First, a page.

THE GOVERNMENT has ordered a halt to planned spending on almost 80 national road-building schemes, worth billions of euro, until further notice.
The instruction was issued to the National Roads Authority late last month. Under it, the NRA is forbidden from spending on all capital projects which are not already under way, unless each new project is individually sanctioned by the Department of Finance.
The curbs will affect 78 major construction projects in the NRA Roads Programme, 55 of them national primary roads and 23 national secondary roads.
The curb will also extend to road maintenance where contracts for items such as road resurfacing will also need to be pre-approved by the Department of Finance.
A spokesman for the NRA said the authority was “very concerned”, particularly as a lot of current inter-urban schemes were ahead of schedule, and would be completed this year.
Under normal circumstances the NRA would then move ahead with 55 planned improvement schemes on national primary routes, including those linking Dublin with Monaghan, Sligo, Mayo and Wexford, as well as inter-regional routes, such as Limerick to Waterford and Limerick to Cork, and national secondary roads.
In effect the move means that as the inter-urban routes are completed over the coming 20 months, the NRA will gradually run out of work, unless schemes are individually approved by the department.
The department confirmed yesterday that all new capital projects now need to be pre-approved. A spokesman acknowledged that this new requirement had been imposed “in the light of changing economic circumstances”.
The only exception to the Government’s edict is to be the 6km Castleisland bypass in Co Kerry, sanctioned by the Department of Finance on March 19th.
Credit for the sanction was yesterday claimed by the Independent Kerry TD Jackie Healy Rae, who said he had used his position as a Government supporter to “at all times put the interest of the people [of Kerry] first”. He said the Opposition should “stop trying to jeopardise the further items that I have an agreement on”.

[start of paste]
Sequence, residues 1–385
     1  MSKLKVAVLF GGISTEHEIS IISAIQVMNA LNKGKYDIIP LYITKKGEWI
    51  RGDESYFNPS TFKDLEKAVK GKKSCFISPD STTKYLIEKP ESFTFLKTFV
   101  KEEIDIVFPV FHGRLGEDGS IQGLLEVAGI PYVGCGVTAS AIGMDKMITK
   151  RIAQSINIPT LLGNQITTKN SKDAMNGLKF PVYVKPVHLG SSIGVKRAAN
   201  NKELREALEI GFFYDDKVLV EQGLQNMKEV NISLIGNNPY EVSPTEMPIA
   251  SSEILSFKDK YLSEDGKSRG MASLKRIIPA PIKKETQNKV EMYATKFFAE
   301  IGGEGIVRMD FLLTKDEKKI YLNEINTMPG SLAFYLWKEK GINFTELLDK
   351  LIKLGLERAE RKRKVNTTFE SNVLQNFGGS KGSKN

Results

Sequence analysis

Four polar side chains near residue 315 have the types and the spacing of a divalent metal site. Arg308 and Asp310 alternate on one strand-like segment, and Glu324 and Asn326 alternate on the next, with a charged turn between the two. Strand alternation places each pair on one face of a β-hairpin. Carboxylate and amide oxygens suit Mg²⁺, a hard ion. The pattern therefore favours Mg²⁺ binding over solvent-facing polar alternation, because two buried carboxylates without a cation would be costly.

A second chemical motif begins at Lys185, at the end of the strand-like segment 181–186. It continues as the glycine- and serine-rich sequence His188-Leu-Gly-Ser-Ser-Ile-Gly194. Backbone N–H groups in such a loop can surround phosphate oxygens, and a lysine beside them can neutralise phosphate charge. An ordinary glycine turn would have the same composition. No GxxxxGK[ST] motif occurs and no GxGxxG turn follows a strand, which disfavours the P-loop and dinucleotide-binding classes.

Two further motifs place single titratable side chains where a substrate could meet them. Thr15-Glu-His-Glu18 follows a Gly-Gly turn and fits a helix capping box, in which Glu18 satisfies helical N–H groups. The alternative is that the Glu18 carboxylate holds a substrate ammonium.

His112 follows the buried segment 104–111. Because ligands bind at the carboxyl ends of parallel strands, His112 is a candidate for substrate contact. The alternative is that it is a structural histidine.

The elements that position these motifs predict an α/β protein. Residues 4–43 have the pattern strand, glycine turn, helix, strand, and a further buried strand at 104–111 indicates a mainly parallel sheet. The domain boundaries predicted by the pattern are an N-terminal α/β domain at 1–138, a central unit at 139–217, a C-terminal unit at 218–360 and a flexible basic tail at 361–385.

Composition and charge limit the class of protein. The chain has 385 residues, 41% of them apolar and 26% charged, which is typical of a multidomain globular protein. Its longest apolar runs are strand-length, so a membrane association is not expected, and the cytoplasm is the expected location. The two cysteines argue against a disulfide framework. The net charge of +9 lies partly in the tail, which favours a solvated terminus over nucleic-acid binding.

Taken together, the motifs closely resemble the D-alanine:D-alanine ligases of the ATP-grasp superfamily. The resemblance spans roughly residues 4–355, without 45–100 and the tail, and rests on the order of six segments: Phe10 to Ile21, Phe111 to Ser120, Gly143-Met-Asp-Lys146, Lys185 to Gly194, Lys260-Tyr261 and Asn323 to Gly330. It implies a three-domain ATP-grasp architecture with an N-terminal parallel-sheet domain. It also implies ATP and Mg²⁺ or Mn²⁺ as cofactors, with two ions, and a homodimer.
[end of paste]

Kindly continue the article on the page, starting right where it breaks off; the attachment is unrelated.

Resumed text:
The instruction to the NRA mirrors that issued to local authorities ordering them to halt €500 million worth of work on regional and local roads, pending approval of each scheme from the department.
The Construction Industry Federation met Department of the Taoiseach secretary general Dermot McCarthy in recent weeks to express its concern at the Government’s instruction.
The federation said the halt in spending was “right across the board in relation to the National Development Plan commitments on water, housing and roads”. In relation to the roads it said the instruction was “absolutely savage”.
“At our emergency meeting with Dermot McCarthy we pointed out that every €100 million invested in infrastructure carried with it 1,000 jobs and returned €50 million to the Government in taxes and reduced social welfare payments . . . it is a major bone of contention,” federation spokesman Martin Whelan said.
The inter-urban motorway programme that was announced by the Government in 1999 comprised motorways to the Border and the regional cities of Galway, Limerick, Cork and Waterford.
Road schemes affected
Two schemes between Kells, Co Meath and Belturbet, Co Cavan on the N3
Three schemes on the N2 between Ashbourne and Co Monaghan
Three schemes on the N4 between Mullingar and Castlebaldwin
Three schemes on the N16 in counties Sligo, Leitrim and Cavan
Four schemes between Longford and Westport on the N5
Six schemes on the N25 between New Ross, Co Wexford and the Cork Southern Ring
Four schemes on the N13/N14/N15 group of roads in the northwest
Five schemes on the N22 between Tralee and Cork
Seven schemes on the N24 in Co Tipperary
23 schemes on national secondary roads.
These schemes will not now go ahead unless specifically sanctioned by the Department of Finance.
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